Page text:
‘No Bull’ Details Durham Bulls Rise To Baseball Stardom

Jun 13, 2017

Credit Ron Morris / Baseball America-2017

The Durham Bulls are one of the most well-known teams in minor league baseball, in part because of the hit movie “Bull Durham.” But the team was a success on the field and in the stands before the film.

  

In his new book, “No Bull: The Real Story of the Rebirth of a Team and a City” (Baseball America/2017), writer Ron Morris details the team’s return to Durham in 1980 and how its success sparked a revitalization of baseball in the city.

INTERVIEW HIGHLIGHTS

On the Durham Bulls iconic manager “Dirty Al”: He got [the nickname] because he was a filthy, dirty person, plain and simple. He had tobacco juice that would come off his chin and drip down onto his clothing. He actually picked up the nickname when he was in college. He went out of the stands the night he was going to attend the prom after the football game. He went out of the stands and entered himself in a greased-pig contest. He chased down the pig, went back into the stands and then went to prom with the pig droppings on his suit. But beyond his nickname he was just a colorful character. Most baseball managers were there solely to develop baseball players. He believed that part of managing a team was also entertaining a crowd. If there was an umpire to be argued with, Dirty Al was going to do it. He would charge onto the field and more times than not most of his tobacco would end up on the clothing, if not the face, of the umpire.

On why “beer was key” for the Bulls in 1980: In 1979 the state of North Carolina, for the first time, allowed the public sale of beer, which played perfectly into the Durham Bulls coming back in 1980. On top of that the drinking age was 18. So the owner Miles Wolff recognized this nice little convergence of rules and laws in a college town. He began. Right off the bat they charged $1 for a 12 ounce beer...They didn’t only have the Duke community coming into the ballpark, they had the entire Triangle community of young adults attending games there. It became, quite frankly, the best bar in town.

On the link between the Bulls and Ted Turner, aka “Captain Outrageous”: Who could forget Ted Turner? He, of course, founded CNN, and he purchased the Atlanta Braves. Well the Braves were just another TV show for them. It was TV programming. He didn’t really much care whether they won or lost. He was in the business of providing an entertainment show on his network. One season, this was around 1976, he decided he wanted to manage the Atlanta Braves. So he put on a uniform and went into the dugout and managed one game for the Braves, and they lost. It continued a 13-game losing streak. The commissioner of baseball stepped in and said, “No, there is a little known rule that you can’t both own the team and manage the team.” So Ted Turner took off his uniform for the one and only time, went to front office, and the next week was greeted by many people in the front office staff on the baseball side of it. They had decided they were going to quit. They’d had enough of Turner and the way he was running this baseball franchise. So he sat down with Bill Lucas, who was the general manager at the time — the first black general manager in baseball history. He had a great amount of respect for Bill Lucas. So Lucas told him, “This is no way to run a baseball franchise. You need to stop signing free agents, stop treating it as a TV show and pump all your money into the minor leagues and develop players. Then we will build a consistent championship team.” Part of that need for developing players was more minor league teams, and one of the teams they added was a high-class A team in Durham.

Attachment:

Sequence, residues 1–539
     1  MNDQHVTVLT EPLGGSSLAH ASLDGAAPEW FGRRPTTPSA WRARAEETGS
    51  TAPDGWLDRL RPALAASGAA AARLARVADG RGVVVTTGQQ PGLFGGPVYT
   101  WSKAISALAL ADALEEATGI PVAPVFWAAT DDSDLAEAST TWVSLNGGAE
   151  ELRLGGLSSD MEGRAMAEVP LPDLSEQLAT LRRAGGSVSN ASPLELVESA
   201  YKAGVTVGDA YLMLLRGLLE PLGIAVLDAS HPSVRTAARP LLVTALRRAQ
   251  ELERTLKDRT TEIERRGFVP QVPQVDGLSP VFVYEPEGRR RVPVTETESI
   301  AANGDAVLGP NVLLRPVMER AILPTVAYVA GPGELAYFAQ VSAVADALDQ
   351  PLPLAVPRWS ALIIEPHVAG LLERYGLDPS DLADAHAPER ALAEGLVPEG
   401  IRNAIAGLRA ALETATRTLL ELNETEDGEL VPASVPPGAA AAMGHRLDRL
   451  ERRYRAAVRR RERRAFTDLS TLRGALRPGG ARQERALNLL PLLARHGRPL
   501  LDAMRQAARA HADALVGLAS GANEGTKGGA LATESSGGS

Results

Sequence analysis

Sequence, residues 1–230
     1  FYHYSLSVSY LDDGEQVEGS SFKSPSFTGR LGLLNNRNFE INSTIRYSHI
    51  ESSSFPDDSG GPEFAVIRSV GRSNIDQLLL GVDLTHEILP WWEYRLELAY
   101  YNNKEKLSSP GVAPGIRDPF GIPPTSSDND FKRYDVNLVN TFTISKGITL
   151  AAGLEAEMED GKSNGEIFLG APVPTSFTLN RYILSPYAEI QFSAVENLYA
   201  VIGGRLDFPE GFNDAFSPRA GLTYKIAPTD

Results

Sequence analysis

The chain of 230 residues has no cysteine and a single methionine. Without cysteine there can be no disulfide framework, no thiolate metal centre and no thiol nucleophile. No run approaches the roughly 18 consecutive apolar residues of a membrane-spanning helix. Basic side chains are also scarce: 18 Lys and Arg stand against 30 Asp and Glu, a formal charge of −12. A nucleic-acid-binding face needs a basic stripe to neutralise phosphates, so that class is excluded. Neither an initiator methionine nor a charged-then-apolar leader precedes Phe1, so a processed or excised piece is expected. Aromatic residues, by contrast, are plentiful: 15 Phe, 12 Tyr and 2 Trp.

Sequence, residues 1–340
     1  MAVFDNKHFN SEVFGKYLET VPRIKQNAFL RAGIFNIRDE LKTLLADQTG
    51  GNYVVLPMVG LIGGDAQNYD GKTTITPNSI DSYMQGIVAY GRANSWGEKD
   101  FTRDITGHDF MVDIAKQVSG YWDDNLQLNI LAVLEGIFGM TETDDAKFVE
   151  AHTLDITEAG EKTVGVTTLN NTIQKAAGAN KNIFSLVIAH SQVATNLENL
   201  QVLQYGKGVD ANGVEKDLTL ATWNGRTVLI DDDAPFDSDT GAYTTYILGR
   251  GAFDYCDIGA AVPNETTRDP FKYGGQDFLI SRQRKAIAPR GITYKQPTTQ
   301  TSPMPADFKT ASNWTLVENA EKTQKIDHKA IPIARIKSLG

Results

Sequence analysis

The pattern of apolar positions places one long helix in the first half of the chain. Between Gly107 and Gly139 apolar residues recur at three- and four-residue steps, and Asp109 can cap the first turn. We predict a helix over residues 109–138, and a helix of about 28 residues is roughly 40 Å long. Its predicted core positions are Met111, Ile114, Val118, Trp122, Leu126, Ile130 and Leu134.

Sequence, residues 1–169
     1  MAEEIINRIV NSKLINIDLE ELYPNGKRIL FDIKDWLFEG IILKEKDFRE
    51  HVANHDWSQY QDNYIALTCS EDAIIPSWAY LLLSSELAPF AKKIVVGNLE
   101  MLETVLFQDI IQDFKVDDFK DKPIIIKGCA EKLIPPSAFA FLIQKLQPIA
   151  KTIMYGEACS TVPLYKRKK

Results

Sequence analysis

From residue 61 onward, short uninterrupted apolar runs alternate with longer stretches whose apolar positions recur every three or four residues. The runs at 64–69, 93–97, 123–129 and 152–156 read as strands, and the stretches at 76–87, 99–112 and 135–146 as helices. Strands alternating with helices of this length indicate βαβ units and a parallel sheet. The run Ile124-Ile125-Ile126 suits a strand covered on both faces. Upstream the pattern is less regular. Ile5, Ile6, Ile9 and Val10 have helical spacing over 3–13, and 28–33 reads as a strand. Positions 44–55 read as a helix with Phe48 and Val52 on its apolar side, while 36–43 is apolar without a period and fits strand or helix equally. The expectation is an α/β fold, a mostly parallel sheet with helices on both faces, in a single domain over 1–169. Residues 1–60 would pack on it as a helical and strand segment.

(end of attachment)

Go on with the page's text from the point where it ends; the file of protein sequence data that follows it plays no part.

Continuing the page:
On the origins of the hit movie “Bull Durham”: Tom Mount, who was director of Universal Studios at the time, was a Durham native. Ron Shelton was the director of the movie, and he wrote the script. Tom Mount wanted the movie to be filmed in Durham, but he didn’t tell Ron Shelton that. He sent him out on a two-week mission on North and South Carolina to pick out all the old standing ballparks to pick out which one he thought would fit best for the film. And Shelton came back after the trip, and he told Tom Mount there is no question. It’s Durham.

 

Morris reads Saturday, June 24 at Quail Ridge Books in Raleigh at 2 p.m.